Heath started advertising surplus electronics in Radio News magazine in August 1947. In the November 1947 issue, Heath advertised its first kit, an oscilloscope made partly with surplus parts. Heath soon followed up with other test equipment kits using inexpensive surplus parts wherever possible. Their first RF signal generator model G-1 first appears in the January 1948 issue. The first Condenser Checker model C-1 appears in the March 1948 ad along with the first signal tracer, model T-1. The signal tracer shown here is model T-2, the second generation for its type. It differs from model T-1 with the addition of a very useful impedance-selectable audio output transformer and test speaker. The first ad for the T-2 appears in the April 1949 issue.
The T-2 needed replacement of nearly all the capacitors including all that see any appreciable voltage; coupling, bypass and electrolytics. I polarized the line cord plug so that the hot side goes directly to the power switch and the neutral to the transformer.
Heathkit C-1 Condenser Checker
The Heathkit C-1 uses a 12A6 as rectifier and a 1629 eye tube. Both tubes were surplus when the set was designed. Resistance and capacitance are measured in a direct-reading bridge circuit. The eye opens when the correct resistance or capacitance is selected by way of the main dial potentiometer. As with all such bridge devices, accuracy is dependent on the precision of the standard capacitors and resistors in the device.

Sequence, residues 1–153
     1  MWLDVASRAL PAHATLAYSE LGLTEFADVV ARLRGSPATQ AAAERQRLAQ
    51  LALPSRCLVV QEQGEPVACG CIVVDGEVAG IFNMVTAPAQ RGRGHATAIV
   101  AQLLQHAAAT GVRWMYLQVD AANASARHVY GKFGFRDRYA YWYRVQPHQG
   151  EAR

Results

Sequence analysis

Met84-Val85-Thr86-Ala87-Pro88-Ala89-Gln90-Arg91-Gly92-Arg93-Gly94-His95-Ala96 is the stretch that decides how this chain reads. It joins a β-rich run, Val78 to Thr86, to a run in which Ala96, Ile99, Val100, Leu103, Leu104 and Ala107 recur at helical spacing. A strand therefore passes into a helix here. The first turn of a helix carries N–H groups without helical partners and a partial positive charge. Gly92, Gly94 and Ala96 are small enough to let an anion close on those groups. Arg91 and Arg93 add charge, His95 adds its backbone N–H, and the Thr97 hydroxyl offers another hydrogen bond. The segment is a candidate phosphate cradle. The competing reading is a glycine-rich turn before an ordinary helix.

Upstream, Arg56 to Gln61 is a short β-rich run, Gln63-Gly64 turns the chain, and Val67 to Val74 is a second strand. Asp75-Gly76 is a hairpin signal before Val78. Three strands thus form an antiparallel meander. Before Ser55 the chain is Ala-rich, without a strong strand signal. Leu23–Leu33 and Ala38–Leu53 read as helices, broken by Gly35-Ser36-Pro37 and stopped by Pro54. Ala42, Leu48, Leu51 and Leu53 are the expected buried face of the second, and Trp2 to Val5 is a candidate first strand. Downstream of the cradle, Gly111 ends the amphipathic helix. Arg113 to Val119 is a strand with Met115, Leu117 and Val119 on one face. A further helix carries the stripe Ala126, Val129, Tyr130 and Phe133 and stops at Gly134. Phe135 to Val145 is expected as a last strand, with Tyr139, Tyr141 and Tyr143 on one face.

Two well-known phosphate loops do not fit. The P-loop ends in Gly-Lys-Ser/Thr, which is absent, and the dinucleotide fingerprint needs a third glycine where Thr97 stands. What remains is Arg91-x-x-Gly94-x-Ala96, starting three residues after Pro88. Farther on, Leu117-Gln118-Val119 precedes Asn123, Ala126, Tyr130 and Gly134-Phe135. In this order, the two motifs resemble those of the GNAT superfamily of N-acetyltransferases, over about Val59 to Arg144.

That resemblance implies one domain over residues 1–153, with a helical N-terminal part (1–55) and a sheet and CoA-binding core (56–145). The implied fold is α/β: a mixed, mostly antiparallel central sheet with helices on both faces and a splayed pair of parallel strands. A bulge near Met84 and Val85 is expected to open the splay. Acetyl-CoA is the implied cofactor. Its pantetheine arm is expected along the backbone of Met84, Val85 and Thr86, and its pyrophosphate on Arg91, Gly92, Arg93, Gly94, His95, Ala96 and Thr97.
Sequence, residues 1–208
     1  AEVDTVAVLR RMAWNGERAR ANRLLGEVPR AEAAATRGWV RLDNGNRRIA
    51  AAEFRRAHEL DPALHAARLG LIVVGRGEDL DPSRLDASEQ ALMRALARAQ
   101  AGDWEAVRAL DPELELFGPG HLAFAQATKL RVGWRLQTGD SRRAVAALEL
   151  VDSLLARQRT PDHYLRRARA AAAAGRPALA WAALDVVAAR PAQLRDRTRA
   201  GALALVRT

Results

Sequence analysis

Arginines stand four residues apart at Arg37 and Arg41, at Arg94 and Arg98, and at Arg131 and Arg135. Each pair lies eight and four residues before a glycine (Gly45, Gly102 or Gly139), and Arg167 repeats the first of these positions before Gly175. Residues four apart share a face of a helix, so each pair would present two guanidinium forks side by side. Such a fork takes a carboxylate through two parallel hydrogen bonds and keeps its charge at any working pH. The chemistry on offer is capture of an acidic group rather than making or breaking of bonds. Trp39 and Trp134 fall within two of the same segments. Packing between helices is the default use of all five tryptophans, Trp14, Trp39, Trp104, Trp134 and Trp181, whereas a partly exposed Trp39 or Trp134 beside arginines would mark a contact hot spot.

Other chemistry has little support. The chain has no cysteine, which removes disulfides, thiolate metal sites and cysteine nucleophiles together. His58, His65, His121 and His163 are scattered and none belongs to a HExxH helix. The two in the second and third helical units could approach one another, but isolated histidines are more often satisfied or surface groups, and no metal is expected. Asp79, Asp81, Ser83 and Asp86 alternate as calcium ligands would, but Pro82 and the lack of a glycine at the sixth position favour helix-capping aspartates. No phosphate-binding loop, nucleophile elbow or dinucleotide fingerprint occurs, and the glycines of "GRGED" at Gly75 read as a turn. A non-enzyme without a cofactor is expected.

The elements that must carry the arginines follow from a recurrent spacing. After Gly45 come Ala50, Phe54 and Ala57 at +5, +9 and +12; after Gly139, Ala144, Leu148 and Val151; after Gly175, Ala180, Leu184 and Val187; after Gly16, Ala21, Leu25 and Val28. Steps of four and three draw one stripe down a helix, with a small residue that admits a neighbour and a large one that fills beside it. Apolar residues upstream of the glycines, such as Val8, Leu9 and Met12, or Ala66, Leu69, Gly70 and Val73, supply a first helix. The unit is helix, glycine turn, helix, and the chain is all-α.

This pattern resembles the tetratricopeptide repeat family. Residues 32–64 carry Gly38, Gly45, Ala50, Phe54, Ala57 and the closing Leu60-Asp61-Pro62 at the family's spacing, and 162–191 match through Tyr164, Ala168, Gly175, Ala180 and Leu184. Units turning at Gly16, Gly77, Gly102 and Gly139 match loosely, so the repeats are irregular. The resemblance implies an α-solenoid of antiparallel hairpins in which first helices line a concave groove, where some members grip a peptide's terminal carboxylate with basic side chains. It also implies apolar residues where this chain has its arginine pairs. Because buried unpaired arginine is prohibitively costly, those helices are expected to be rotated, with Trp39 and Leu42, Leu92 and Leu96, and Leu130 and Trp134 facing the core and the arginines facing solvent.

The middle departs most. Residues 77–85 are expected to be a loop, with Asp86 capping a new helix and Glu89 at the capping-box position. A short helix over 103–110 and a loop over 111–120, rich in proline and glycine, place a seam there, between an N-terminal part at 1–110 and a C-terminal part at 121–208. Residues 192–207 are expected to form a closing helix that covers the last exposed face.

Since measuring resistance and capacitance is relatively easy with modern instruments, the Heathkit C-1 now finds its best use as a means for reforming electrolytics and testing capacitors for leakage under high voltage conditions. The test leads for the C-1, as in most capacitor testers of its kind, have high voltage applied during tests. I like to know what the test voltage is and therefore typically use a voltmeter in parallel with the capacitor during reforming and leakage tests.
The picture above shows an electrolytic being reformed in step-wise fashion. The neon bulb (below the eye tube) lights when the reforming current is about 2 mA or more. The reforming process starts with the voltage step switch set at the lowest voltage at which the neon bulb lights. As reforming progresses, the neon bulb will go out when reforming current drops below 2 mA. At that point the next higher voltage step can be selected until the capacitor shows full proper voltage on the voltmeter. Note that the cap and the exposed test lead clips are in the plastic jar for safety. When the reforming process is complete, I turned the tester's power switch off and moved the step switch to the "R" setting to quickly bring the voltage across the capacitor back to zero. The "R" setting places a 1000 ohm resistor across the test leads.
Repairs consisted of replacing nearly all of the capacitors. The resistors were off as well. The standard bridge resistors were replaced or adjusted by adding appropriate parallel resistors.